converges in law to the process y(t), and if g() is any measurable func
tional on D which is continuous in metric d almost everywhere (with
respect to the probability measure associated with y(t)), then as n tends
to infinity, g(yn(t)) converges in law to g(y(t)).
Lemma 3.3.3 (Durbin [7], p. 31):
The functional on D defined by
1
z(x()) = f x(t) dt
0
is continuous in the Skorokhod metric, d.
Lemma 3.3.4:
Let Z(t) be a Riemann integrable Gaussian process on [0,1].
1
Then f Z(t)dt is a normal random variable.
0
Proof:
Let
m(t) = E(Z(t)),
K(s,t) = Cov(Z(s),Z(t)),
and
n
n = Z[tj(n) tj.(n)] Z(tj(n)),
j=1
where {0=t0(n) < tl(n) <'.
of partitions of [0,1] such that max It.(n)t j_(n) converges to zero
as n tends to infinity. Clearly, for each n, W is a normal random
variable with
n
E(W ) = t. (n)t. j(n)]m(t.(n)),
j=l
and
n n
Var(Wn) = 7 [tk(n)tk(n) [tj(n)tj_(n)]K(tk(n),t (n)).
k=l j=l
By the definition of the Riemann integral, as n tends to infinity,
1
E(W) M f m(t) dt,
0
and
1 1
Var(Wn) 2 = f 4 K(s,t) ds dt.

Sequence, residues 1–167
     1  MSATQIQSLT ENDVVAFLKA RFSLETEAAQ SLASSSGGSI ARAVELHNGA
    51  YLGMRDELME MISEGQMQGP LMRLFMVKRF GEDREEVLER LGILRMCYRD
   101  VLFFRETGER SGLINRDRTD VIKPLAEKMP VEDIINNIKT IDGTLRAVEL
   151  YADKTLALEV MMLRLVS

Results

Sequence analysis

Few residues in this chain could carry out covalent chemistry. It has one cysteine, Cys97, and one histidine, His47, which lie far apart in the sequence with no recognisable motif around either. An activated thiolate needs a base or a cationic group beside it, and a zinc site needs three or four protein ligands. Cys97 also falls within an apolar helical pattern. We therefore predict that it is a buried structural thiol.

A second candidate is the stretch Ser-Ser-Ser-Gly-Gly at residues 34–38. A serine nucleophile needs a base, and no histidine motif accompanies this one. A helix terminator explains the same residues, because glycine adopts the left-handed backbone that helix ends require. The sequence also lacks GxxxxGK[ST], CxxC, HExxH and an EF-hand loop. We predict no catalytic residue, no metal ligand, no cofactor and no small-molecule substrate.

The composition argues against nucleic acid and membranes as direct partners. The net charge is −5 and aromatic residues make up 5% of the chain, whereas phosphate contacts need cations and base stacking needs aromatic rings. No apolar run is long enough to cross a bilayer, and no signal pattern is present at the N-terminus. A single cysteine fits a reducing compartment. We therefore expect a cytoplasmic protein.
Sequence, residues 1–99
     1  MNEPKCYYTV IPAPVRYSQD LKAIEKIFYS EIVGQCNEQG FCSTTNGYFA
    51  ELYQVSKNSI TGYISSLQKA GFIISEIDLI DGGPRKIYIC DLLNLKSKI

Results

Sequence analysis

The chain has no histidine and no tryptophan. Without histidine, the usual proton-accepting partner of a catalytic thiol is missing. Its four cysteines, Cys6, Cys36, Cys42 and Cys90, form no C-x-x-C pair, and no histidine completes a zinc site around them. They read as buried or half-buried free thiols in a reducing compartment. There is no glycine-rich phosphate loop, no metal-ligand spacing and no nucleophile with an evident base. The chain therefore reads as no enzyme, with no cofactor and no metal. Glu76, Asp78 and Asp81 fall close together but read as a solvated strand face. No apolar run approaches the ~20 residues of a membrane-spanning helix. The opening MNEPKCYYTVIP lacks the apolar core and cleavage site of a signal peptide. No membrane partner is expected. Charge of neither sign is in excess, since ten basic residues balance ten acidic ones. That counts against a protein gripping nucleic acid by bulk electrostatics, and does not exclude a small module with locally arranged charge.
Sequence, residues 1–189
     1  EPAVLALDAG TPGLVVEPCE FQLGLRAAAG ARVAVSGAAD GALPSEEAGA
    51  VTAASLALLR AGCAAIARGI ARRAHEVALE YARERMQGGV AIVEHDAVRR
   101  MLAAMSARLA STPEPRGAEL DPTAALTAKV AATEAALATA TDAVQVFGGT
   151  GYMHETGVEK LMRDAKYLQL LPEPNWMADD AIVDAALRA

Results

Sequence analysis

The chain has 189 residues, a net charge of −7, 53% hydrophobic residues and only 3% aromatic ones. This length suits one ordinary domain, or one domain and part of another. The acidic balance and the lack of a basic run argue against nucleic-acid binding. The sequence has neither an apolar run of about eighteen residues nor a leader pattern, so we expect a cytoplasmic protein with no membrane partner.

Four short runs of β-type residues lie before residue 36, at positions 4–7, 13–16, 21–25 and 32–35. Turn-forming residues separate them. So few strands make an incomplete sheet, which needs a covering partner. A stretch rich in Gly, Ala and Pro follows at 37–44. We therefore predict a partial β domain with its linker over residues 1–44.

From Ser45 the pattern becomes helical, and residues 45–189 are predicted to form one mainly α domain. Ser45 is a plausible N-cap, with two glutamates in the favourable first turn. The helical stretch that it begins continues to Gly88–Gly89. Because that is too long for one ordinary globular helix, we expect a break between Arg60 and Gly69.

This implies that the characteristic function of W converges to the
characteristic function of a normal random variable with mean, M, and
2
variance, 2, and hence, that W converges in law to such a normal
1 n
random variable. Since f Z(t) dt is the limit (in mean square) of
W as n tends to infinity, the proof is complete.
n
Lemma 3.3.5:
Let GC denote the EDF corresponding to a random sample of size
n from a uniform distribution on [0,1]. If the processes Y*(t) and
n
Q*(t) are defined by
Y*(t) = n Gn 1( l
and
Q*(t) = Y(t)+Y(t)) fY*(W) +Y" (w) dw, 05t 1,
n n n Ln n
then Q*(t) converges in law to a Gaussian process on [0,1].
Proof:
It is a wellknown result (see [2], p. 141) that the process
Y (t) defined by
n
Y (t) = n (G (t) t)
n n
converges in law to a Brownian bridge process, Y(t), on [0,1]. Clearly,
Y* is the process obtained from Y be rescaling to the interval [1,1].
n n
Hence Y* converges in law to Y*, where Y* is the process on [1,1]
n
defined by
Y*(t) = Y(1+)
Since Y is a Brownian bridge process, Y* is a Gaussian process on [1,1]
with
E(Y*(t)) = E(Y r) = 0, lstsl (3.3.20)
and
K*(s,t) = E(Y*(s)Y*(t)) = E(Y Y( t)) = 1)[ (1
1
= (l+s)(lt), 1s
Now, by Lemma 3.3.3 and Theorem 3.3.3, Q*(t) converges in law to Q(t),
where
Q(t) = Y*(t) + Y*(t) [Y*(w) + Y*(w)] dw, O
0
In view of Lemma 3.3.4, it follows that Q(t) is a Gaussian process,
which proves the lemma.
Lemma 3.3.6:
Let Q(t) denote the Gaussian process given by (3.3.22). Then
Cov(Q(s),Q(t)) = t + I(s +t2) +, 0
Proof:
By Theorem 3.3.2 and (3.3.20),
1
E(Q(t)) = E(Y*(t))+E(Y*(t)) f E(Y*(w))+E(Y*(w)) dw=0
0
for t E [0,1]. Hence, for 0.s
1
Cov(Q(s),Q(L)) = E [Y*(s)+Y*(s) f [Yt (w) +Y*(w) dw]
1
x [Y*(t) +Y*(t) f [Y*(w) +Y*(w] dw1
= E(Y*(s)Y*(t)) +E(Y(s)Y*(t)) +E(Y*(s)Y*(t))